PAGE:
Military spouses from all branch affiliations and nearly every industry have relocated successfully time and again. We spoke with two women who say every PCS is an opportunity to grow and thrive.
Prepare for the inevitable
Ayren Pfeifer is enjoying the fruits of her labor. After 20 years of serving in the Marines, her husband retired at the end of 2021. As you’d guess, that means she’s survived several relocations.
“After 20 years, you become conditioned to wait for orders,” Pfeifer said. “Preparing yourself for the inevitable makes the transition easier.”
Pfeifer started her career as a realtor in Virginia Beach, Virginia, only to receive orders to Beaufort, South Carolina, a few years later. She knew she had to find a way to stand out if she wanted to be profitable, so she decided to learn everything she could about the VA home loan.
“One of the things that helped me find success was thinking of new and out-of-the-box ways to get clients,” Pfeifer said.
To attract military families, she decided to give both buyers and sellers a bonus at closing. It was a strategic offer that changed everything.
“I closed 20 deals my second year in Beaufort, which is unheard of for an independent agent,” Pfeifer said. In fact, it landed her among the top 50 agents in the city.
But the orders eventually came, as they always do.
Pfeifer soon found herself in San Diego, California, juggling two kids and a career in transition. To make matters more difficult, her husband immediately deployed upon their arrival.
“That was probably the hardest time in my career because I was like, ‘What am I doing? Why am I trying to do so much at once?’”
Fortunately, it all paid off. Today, she leads the bicoastal Pfeifer Real Estate Team, serving clients in both California and South Carolina.
“It is so hard, but if you expect to find success in your professional life, friendships, or even in parenting, you’ve got to put the work in,” Pfeifer said. “You have to go through those tough moments to have the good ones.”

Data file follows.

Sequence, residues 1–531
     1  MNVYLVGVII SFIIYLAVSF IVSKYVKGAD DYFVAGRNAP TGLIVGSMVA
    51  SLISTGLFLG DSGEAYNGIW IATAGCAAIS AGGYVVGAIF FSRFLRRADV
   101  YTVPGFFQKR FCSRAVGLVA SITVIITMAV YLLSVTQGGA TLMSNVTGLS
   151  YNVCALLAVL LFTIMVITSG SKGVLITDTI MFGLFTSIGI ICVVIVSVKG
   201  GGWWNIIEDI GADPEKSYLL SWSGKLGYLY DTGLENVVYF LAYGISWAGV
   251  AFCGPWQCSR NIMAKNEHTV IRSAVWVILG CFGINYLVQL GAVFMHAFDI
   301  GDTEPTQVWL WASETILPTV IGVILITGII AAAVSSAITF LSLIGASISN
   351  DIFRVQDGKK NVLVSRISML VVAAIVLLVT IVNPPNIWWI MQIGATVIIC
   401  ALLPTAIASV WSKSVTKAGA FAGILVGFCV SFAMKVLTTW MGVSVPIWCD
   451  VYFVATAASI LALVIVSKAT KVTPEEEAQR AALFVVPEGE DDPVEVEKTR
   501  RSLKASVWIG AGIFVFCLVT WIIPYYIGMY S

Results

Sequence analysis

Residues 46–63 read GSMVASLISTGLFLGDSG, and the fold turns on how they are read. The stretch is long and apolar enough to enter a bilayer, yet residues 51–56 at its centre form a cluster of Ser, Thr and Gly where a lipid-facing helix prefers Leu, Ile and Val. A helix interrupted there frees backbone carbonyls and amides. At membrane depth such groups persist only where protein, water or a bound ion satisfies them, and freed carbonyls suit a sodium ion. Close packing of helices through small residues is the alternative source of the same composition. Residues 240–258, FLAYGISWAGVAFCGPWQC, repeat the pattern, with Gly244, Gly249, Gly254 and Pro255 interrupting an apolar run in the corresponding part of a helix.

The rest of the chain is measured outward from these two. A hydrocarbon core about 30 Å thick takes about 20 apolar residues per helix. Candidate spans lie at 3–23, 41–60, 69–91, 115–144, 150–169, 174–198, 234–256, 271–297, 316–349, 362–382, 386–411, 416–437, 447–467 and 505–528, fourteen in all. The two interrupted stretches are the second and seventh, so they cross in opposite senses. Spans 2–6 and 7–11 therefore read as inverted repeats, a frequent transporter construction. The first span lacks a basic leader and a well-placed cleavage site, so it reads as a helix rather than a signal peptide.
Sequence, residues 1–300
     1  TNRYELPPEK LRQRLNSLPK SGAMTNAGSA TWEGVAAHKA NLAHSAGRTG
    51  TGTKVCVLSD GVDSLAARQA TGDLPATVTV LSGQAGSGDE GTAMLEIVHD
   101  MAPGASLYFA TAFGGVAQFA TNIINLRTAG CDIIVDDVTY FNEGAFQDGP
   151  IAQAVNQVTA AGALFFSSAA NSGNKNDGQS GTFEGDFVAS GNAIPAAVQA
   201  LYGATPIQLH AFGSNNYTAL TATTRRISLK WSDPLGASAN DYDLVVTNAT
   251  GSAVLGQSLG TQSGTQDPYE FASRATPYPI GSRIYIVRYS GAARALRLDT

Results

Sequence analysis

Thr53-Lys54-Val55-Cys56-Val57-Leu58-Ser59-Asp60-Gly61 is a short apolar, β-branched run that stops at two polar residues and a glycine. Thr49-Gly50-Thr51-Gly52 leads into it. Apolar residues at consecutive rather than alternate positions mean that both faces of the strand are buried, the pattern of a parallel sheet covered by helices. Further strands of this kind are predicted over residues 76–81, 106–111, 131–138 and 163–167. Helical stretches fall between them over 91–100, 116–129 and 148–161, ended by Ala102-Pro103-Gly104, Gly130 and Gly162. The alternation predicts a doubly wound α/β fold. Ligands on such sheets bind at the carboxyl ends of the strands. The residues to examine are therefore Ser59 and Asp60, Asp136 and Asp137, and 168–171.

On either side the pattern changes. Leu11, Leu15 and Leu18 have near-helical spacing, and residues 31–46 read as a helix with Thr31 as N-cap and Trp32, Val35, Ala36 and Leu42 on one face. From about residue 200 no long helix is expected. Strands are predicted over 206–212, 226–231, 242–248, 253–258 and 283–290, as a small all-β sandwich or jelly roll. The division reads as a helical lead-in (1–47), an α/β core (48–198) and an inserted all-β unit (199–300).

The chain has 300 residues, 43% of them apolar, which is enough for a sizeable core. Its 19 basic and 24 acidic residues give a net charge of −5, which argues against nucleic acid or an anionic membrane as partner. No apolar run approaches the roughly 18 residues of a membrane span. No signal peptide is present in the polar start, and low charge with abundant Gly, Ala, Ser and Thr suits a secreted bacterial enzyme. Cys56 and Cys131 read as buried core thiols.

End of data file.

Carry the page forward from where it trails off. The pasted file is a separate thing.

Hit the ground running
“After I shot my first wedding, I think I sat in my car and cried,” Bendigo said. “I just thought, ‘I want to do this for the rest of my life.’”
With that in mind, she wasn’t going to let a PCS from Wichita Falls, Texas, to Arizona derail her dreams, even if it meant starting over.
“I was nervous, but I also knew that I could do it,” Bendigo said.
She says the best strategy when starting over is instantly plugging into your new community.
“Getting involved is the best way to start,” she said. “All it takes is that one person to hire you, and then it’s just word of mouth after that.”
From online groups to squadron mixers, nothing should be off limits when it comes to making connections.
“There’s much more to owning a photography business than pointing and clicking,” Bendigo added. “The biggest part is selling yourself. Market on Facebook, make friends with people in different groups wherever you’re stationed. You have to put yourself out there.”
Find a mentor
Above all, both women stressed the importance of leaning on other military spouses. If you can find someone in the same business, even better.
“Learning how to pick up your business and move it across the country is not common for most people,” Bendigo added. “It’s a good idea to get together with another military spouse who has done the exact same thing.”
For Bendigo, a friendship with a fellow military spouse photographer even blossomed into a mutual referral program. “If she was unavailable, she’d send people to me and vice versa.”
Pfeifer echoes the same advice, adding that there’s always enough business to go around.
“You don’t need to be competitive,” Pfeifer said. “Everybody can be successful. Surrounding yourself with people who understand what you’re dealing with when times are really tough is essential.”